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Factors affecting dental caries
Fillings & Fissure Selants
Teeth naturally have fissures and grooves and in some cases these grooves are quite deep becoming areas that are difficult to clean. To stop food and bacteria lodging in these fissures a fissure seal is placed to seal the gaps. Fissure seals are commonly performed on teeth that have not yet had any decay or only very superficial staining of the fissures to form this protective layer.
Because the placement of fissure seals does not require extensive cutting of the tooth it is usually preformed without the need of a numbing injection. This makes it an ideal preventative treatment for children to avoid the formation of dental decay in immature teeth where sometimes brushing is not preformed optimally.
Dental decay or dental caries refers to when teeth develop holes caused by harmful bacteria in the mouth. Left untreated, small holes will eventually develop into larger holes and lead to sensitive or painful teeth and even dental abscesses. A filling is the procedure where the decay is cleaned from the tooth and repaired with a ‘filling’ material. Many People associate fillings with the traditional Amalgam fillings which are mercury based and metal coloured resulting in unsightly discoloured smiles. Now a days there are many more options in filling material the most common being composite bonding – an aesthetic white filling material.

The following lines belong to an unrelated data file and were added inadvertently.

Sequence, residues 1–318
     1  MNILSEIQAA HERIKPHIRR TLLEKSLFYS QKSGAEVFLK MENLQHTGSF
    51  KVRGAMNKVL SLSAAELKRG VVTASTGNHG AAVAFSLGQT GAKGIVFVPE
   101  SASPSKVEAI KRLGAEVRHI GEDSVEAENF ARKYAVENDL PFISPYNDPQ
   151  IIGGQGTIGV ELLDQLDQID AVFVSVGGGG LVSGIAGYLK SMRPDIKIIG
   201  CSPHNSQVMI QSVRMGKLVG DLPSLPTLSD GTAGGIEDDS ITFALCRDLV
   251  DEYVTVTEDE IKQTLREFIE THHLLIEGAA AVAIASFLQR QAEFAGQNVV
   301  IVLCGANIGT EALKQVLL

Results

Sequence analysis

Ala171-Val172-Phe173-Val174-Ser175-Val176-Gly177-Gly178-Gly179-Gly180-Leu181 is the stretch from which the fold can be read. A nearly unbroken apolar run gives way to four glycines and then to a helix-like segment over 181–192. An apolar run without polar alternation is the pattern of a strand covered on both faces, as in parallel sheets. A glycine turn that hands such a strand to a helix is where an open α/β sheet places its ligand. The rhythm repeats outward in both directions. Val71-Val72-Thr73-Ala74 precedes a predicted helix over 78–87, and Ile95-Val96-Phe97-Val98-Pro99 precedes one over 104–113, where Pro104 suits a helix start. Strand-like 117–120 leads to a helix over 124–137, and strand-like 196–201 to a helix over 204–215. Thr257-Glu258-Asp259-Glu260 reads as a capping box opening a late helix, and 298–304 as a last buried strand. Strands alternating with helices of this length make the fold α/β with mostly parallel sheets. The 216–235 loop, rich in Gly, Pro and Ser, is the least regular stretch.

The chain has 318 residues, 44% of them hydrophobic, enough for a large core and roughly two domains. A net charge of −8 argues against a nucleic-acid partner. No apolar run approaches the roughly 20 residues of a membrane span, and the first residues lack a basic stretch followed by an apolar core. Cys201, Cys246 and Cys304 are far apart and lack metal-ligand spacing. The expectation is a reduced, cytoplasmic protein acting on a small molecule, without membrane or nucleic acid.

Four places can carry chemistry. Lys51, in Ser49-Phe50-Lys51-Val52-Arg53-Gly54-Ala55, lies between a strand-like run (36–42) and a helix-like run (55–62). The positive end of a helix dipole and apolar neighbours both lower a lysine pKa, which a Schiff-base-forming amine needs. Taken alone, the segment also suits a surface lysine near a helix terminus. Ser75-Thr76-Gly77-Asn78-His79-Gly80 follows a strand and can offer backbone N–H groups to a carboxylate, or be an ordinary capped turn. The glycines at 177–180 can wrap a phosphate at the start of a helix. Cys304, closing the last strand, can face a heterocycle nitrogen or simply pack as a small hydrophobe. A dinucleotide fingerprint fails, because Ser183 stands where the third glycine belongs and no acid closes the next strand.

Plaque is a film of bacteria which produces acid and dissolves enamel. If the plaque is not cleaned away from the teeth, calcium is slowly leeched from these teeth and eventually creating a cavity in the tooth. Regular tooth brushing and flossing are essential to remove the plaque.
Diet. Sugars and carbohydrates are the energy sources for bacteria. Pretty much all foods contain these substances to varying amount, but sweets in particular are high in sugars and so are the most damaging foods to teeth. By limiting sugary snacks, or eating them with meals, you are reducing the amount of damage the plaque acid can do. The consistency of the food is important too. Sticky lollies or dried fruit, for example, are in your mouth longer as they stick to the tooth surface.
Saliva is the body’s natural defence against dental decay as it can reduce the acidity within the mouth. Smoking, stress, some medications, caffeine and alcohol drinks slow down the saliva production and increase the risk of caries. Minimising these factors and drinking tap water to keep well hydrated will make the most of your saliva.
Time. The longer the time your teeth are exposed to acids the more likely they are to decay. Dental decay doesn’t form overnight. Long term bad habits in diet and or cleaning, or deficencies in your saliva, are to blame.
Tooth Anatomy. The shape and position of your tooth can affect how easily teeth are cleaned. Deep grooves in teeth and crowded teeth more readily collect food and bacteria and are at a higher risk of developing decay. Fluoride in toothpaste can strengthen your enamel providing some extra protection.
Your best protection against dental caries is daily brushing, flossing, using fluoride toothpaste and maintaining regular dental visits. Talk to one of our dentists to see how you can improve the health of your teeth.